Just like in past years, Katherine Mueller’s annual Derby Day party will be a fun, festive morning affair, but of course, thanks to Covid-19, it won’t be the same as it has been.
For years, Mueller has had a Derby morning breakfast in her backyard to celebrate the Kentucky tradition. This year will be no different, even though it will be on a much smaller scale and be much more aware of social distancing. There will be masks, but there will still be Kentucky food and plenty of adult beverages.
In typical years, she said, there would be nearly a hundred or so people moving in and out of her house Derby morning – enjoying mimosas, eating hot browns and getting into the spirit of the fastest two minutes in sports.
This year, she said, she’ll scale things back a bit — fewer people, to be sure, and most things happening outside in her backyard.
“I don’t want to be snobby or anything, but I’m going to scale it back for sure,” she said. “One year, we had probably 200 people coming in and out that morning … just for safety reasons, I can’t have that many people right now.”
But for those that do come, they will be in for her usual treats — modified hot browns, a grits buffet, country ham biscuits, a Bloody Mary bar, mimosas and fresh fruits and vegetables.
Mueller said she’ll get some champagne and lots of orange juice to make the mimosas, as well as vodka and Bloody Mary mix to make the Bloody Marys. For her guests though, the fun comes in bringing a few things to garnish their Bloody Marys with.
“It’s gotten completely out of hand with the stuff that people bring,” she said. “I mean, people show up with these really fancy pickles, and pickled okra… One time, someone even brought candied bacon.”
The grits bar, featuring Weisenberger Mill grits, made in Woodford County, and all sorts of different toppings is a big hit too, she said. From cheddar cheese to jalapenos to country ham to chopped up bacon, people are free to add whatever they like to their grits,… as long as it isn’t sweet.
“I don’t allow that kind of behavior in my house,” she joked about sugar, syrup or honey on grits. “We’re decent people and we don’t do that kind of thing … that’s just an abomination.”
Mueller said she does have her own modifications to a Kentucky classic. Not a fan of regular hot browns, Mueller modifies her recipe to serve them on English muffins instead of toast points. The result, she said, is a hot brown that’s lighter, and can be served as an individual portion, instead of a huge artery-clogging entrée.
For dessert, there’ll be lemon bars from Midway Bakery, one of Ouita Michaels restaurants in Woodford County, and strawberry puff tarts from her mom.
It’s important to her, she said, to be as Kentucky-centric as possible to not only celebrate the day, but to support local businesses.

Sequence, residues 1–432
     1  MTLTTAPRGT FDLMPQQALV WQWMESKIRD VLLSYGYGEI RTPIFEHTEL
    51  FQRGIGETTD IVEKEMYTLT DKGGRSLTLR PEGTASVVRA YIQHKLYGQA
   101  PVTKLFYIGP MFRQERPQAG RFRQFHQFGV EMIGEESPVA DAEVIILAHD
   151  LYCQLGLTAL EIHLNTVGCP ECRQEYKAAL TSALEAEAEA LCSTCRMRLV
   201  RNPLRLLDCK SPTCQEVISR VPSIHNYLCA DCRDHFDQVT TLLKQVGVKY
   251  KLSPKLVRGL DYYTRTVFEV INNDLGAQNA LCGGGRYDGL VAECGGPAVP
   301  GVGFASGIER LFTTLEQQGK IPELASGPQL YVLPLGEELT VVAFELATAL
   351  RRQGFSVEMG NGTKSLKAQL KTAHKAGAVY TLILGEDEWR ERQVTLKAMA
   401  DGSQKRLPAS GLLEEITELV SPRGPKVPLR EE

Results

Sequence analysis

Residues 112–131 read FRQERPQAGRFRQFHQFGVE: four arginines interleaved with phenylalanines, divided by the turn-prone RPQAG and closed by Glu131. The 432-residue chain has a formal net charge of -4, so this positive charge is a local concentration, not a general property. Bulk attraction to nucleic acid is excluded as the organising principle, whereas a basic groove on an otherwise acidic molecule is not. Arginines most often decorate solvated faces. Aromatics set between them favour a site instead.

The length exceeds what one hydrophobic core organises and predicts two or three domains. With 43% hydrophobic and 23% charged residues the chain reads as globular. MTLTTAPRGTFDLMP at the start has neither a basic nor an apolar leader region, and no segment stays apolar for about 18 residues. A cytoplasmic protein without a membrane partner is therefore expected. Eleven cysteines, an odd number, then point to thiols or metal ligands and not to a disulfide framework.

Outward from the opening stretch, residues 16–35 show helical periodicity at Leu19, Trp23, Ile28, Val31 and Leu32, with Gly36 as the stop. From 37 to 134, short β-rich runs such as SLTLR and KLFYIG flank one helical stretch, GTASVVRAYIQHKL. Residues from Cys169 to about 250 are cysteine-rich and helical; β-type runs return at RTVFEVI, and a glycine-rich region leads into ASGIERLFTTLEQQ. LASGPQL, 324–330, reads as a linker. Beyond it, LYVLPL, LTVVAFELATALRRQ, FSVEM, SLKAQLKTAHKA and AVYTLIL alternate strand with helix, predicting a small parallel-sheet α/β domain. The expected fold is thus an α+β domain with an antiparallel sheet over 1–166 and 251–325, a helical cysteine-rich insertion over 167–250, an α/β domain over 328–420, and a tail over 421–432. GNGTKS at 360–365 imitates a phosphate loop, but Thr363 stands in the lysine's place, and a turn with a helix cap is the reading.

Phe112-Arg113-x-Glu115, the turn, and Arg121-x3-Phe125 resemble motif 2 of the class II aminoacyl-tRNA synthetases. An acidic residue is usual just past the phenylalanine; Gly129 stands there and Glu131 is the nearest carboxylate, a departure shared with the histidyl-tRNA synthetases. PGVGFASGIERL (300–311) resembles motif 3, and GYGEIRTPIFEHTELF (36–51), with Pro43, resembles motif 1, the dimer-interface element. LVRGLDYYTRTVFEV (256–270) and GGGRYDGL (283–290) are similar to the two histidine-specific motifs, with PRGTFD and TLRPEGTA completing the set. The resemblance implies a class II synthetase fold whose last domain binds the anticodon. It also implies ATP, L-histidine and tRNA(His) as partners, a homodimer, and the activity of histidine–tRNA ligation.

Over the years, the party has evolved. A couple of years she tried adding scrambled eggs to the menu, but found it to be too labor intensive for a morning party.
And one year, she decided to scrap the country ham biscuits — a mistake she said she’ll never make again.
“I left the country ham biscuits off the menu one year, and people were almost ugly about it,” she said. “They were saying ‘Listen lady, I came here for the bottomless mimosas and country ham biscuits, this just isn’t right!’ I felt really bad.”
But over all the years she’s been hosting the party, one thing has always been missing — pictures.
“Hardly anybody ever takes any pictures at this party,” she said. “I think there’s a number of reasons for that — number one, it’s just really a lot of fun and people are just enjoying themselves, and two… it is pretty early in the morning to be drinking mimosas and Bloody Marys, so I think maybe no one wants to out themselves.”
She finds the lack of pictures to be a compliment though.
“I don’t have a lot of photos and sometimes that makes me sad cause I’m like ‘I wish I could remember this that way’,” she said. “But I kind of take it as a compliment, because I think everybody wants to keep it secret. It’s like they’re really enjoying themselves and they don’t feel like they need to have their phones out.”
While this year may be different — a different time of year, a different set of rules — Mueller said it was still important to her to keep the tradition alive and celebrate Kentucky’s unique food and horse race.
The original Kentucky Hot Brown
This recipe originally came from the Brown Hotel in Louisville.
(Recipe courtesy www.allrecipes.com)
½ cup Butter, with salt
½ cup wheat flour, white, all-purpose, enriched, bleached
3 cups milk, reduced fat, fluid, 2% milkfat, with added vitamin A
6 tablespoons cheese, parmesan, grated
1 egg, whole, raw, fresh
2 tablespoons cream, fluid, heavy whipping
1 pinch salt, table
2 pounds turkey, all classes, meat only, cooked, roasted
1 tomatoes, red, ripe, raw
8 English muffin halves
¼ cup cheese, parmesan, grated
8 slices pork, cured, bacon, cooked, broiled, pan-fried or roasted
Melt the butter in a saucepan over medium heat. Stir in flour with a whisk or fork, and continue to cook and stir until it begins to brown slightly. Gradually whisk in the milk so that no lumps form, then bring to a boil, stirring constantly. Mix in 6 tablespoons of Parmesan cheese and then stir in the beaten egg to thicken. Do not allow the sauce to boil once the egg has been mixed in. Remove from the heat and stir in the cream.
Preheat the oven’s broiler. For each hot brown, place an English muffin half an individual sized casserole dish. Cover with a liberal amount of roasted turkey and tomato slices. Spoon sauce over the top of each one and sprinkle with some of the remaining parmesan cheese.
Place the dishes under the broiler and cook until the top is speckled brown, about 5 minutes. Remove from the broiler and arrange two slices of bacon in a cross shape on top of each sandwich. Serve immediately.